I’m Ron Rivera. Play my college football at
the University of California, Berkeley. I was drafted by the Chicago Bears in 1984.
So I was part of the 1985 Super Bowl championship team. Started my coaching career. Here I was
fortunate enough to be the 2013 Coach of the Year. Being a football coach, in some ways it mimics
military lifestyle. It’s not about you, it’s about the team. It’s about the unit. It’s
about the group. My father was originally from Puerto Rico,
Bayamon, Puerto Rico. Joined the military. Did his basic at Ft. Dix. He’s done tours
in Germany, France. Did two tours in Vietnam. He spent 32 years in the Army. I was drafted for two years. I came in the
Army as a staff sergeant. I was with the US Army Engineers. We deployed to the Mekong
Delta. My base was right next to where the Navy had the river enforcers. They were fighting.
And it was kind of tough. And the second tour was more rewarding. Because
I was an adviser to the Vietnamese Army. And I get to interact with them. We lived with
the Vietnamese, ate their food. Drank their beer. It was bad. But we drank it anyway.
I used to support the schools, get the stuff they needed, and I helped them a lot. I really
enjoyed it. In all honesty probably the best friends I
had growing up were my brothers. Because that was our support. That’s who we were. There were four boys in our family. When we
lived at Fort Gulik Panama, we had the largest lot on base. They said that this is the biggest yard. So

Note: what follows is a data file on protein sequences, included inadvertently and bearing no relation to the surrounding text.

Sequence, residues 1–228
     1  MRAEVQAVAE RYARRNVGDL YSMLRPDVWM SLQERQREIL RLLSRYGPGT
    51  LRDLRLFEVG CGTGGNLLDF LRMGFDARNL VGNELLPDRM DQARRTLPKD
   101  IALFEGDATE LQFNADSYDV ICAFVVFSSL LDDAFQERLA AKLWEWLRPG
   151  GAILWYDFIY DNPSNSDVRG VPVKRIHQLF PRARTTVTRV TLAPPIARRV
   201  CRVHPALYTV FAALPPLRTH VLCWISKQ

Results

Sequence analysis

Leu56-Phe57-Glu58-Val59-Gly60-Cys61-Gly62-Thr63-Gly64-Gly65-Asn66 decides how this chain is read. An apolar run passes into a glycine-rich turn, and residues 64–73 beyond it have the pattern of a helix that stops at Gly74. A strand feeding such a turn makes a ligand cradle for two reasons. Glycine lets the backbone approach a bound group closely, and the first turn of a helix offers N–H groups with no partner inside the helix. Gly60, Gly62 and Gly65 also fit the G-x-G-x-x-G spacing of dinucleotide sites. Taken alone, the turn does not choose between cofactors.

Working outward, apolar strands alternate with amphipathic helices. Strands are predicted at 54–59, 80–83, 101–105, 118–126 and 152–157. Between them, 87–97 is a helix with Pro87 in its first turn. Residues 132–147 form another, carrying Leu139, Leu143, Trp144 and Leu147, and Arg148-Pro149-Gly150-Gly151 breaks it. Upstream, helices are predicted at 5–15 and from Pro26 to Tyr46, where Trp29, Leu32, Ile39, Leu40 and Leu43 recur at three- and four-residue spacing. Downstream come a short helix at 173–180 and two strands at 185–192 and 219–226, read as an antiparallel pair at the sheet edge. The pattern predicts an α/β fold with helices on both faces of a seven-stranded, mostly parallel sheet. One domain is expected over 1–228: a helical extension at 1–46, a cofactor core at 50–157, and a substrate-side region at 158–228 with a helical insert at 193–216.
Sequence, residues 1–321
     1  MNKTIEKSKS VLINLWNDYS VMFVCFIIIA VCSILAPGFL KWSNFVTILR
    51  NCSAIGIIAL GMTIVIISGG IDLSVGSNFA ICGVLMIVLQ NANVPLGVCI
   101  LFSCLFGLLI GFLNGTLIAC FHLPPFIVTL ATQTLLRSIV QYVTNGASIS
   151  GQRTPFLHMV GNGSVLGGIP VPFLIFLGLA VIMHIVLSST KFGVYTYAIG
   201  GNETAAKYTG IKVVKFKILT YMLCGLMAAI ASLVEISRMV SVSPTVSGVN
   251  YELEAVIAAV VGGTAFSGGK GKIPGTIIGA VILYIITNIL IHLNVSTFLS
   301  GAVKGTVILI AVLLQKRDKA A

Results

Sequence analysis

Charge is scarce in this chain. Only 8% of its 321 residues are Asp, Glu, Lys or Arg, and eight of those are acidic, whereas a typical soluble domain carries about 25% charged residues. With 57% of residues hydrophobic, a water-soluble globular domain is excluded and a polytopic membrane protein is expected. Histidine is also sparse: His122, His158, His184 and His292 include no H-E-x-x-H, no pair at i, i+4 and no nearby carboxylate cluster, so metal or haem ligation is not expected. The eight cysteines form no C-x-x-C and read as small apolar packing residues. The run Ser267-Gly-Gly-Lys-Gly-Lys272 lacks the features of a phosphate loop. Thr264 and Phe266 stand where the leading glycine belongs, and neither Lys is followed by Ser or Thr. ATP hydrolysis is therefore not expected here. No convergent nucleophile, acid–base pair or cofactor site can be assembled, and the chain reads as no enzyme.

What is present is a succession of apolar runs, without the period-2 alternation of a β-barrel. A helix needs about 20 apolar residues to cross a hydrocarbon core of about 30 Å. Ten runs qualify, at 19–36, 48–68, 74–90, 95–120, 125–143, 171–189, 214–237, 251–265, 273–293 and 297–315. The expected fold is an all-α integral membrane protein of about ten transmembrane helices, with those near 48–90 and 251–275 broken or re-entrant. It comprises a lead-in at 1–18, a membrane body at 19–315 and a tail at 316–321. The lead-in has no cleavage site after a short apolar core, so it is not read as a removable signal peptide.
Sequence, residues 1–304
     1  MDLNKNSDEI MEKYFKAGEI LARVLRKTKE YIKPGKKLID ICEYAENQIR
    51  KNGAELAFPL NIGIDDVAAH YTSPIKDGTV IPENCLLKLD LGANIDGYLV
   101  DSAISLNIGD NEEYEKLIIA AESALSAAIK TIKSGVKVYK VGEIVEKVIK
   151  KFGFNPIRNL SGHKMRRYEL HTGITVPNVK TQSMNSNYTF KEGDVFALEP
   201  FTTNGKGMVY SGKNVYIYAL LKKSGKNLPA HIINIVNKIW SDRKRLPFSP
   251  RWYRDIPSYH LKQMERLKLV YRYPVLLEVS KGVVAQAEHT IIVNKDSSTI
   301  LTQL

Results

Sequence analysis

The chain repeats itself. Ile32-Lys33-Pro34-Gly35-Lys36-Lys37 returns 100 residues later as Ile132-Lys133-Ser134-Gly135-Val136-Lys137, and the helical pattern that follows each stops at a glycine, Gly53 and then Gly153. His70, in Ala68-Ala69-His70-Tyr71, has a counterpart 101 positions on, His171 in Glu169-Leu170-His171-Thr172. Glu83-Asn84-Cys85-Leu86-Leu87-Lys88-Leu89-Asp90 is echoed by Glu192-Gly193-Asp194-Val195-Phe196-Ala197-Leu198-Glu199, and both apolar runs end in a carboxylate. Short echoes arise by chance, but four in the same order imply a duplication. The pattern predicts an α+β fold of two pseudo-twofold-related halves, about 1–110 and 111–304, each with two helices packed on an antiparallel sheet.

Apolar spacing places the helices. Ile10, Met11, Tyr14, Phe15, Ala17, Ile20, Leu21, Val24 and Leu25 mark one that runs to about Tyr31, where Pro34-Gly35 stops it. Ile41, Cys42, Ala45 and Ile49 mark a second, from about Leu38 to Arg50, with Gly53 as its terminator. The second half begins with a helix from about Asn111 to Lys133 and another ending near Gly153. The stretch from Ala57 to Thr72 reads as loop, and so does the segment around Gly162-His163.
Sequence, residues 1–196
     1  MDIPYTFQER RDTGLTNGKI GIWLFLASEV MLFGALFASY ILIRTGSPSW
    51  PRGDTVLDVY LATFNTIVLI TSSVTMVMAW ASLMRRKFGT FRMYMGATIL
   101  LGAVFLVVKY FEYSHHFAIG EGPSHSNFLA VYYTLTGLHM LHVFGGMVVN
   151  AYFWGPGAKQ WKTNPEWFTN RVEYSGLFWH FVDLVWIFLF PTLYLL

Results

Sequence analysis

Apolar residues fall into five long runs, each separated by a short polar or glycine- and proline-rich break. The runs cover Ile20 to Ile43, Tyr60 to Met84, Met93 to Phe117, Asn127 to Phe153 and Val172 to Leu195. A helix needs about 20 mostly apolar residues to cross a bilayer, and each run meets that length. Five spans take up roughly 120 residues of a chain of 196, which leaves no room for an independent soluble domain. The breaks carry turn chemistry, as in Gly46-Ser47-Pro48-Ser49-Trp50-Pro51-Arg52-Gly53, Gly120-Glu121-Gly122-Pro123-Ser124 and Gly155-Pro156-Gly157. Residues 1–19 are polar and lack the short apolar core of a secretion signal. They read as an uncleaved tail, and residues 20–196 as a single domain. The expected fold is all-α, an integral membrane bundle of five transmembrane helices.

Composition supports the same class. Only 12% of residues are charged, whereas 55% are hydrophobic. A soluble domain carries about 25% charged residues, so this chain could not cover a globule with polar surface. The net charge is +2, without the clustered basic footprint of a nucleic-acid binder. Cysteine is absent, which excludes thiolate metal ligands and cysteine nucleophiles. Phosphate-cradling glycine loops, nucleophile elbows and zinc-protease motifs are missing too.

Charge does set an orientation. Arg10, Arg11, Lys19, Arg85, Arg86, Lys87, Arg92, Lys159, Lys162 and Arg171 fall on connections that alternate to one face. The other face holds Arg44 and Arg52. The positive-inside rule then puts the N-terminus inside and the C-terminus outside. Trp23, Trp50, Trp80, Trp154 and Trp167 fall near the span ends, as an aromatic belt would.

there’s four kids– they need to get this yard. Part of it was sloping down hill. My oldest
brother had a plan to get the grass cut. So what we did was, since I was the oldest,
Ron was the biggest. I put a rope around him. And I would always go downhill. We’d have to push it up. It worked. Because
he got to push it down hill, while the rest of us all had to push it uphill. In the military, we’d never move unless we
had a plan. And then I taught my kids to do that. You know, you always talked about how to do
things. You always had to think about how you would do things. You’d always, always
plan it out. He would just say, make a plan. John, you
got something? Make a plan. And call me. Call me with the plan. And I’ll be here. Thank you, Dad. [INAUDIBLE] No, no. Dino. I talk too long? And my dad’s favorite word is “scientific.”
because when you’re done with everything, in order, you’re a scientist. You know what the difference between a vision
and a dream is? A dream is something you hope for, you fantasize about, you just hope it
happens. But a vision is something you plan. It’s a goal you set, and you map out, and
you go out and you execute it. When I got to Chicago as a defense coordinator,
we had a vision. We talked about it. We talked about being a championship football team.
We talked about being the number one defense in the league. And we mapped out how we’re
going to do it. Have a vision. Have a goal. Set those goals.
Map out how you’re going to get to where you want to be. And then go out and accomplish
it. Each and every one of you guys have the same opportunities that I had. Make the best
of what you can with those opportunities. At some point, you’ve got to realize it’s
your responsibility as well. So if you want something, go get it. Because they will not
send a limousine. You set the standard. You’ve got to stick
to the standard. You’ve got to hold everybody accountable, yourself included. The buck does
stop with me. I mean, it all falls on my shoulder. At the end of the day, I’m the one responsible.
So again, I set the standard. I delegate the responsibility. But I hold everybody to the
same standard. [MUSIC PLAYING]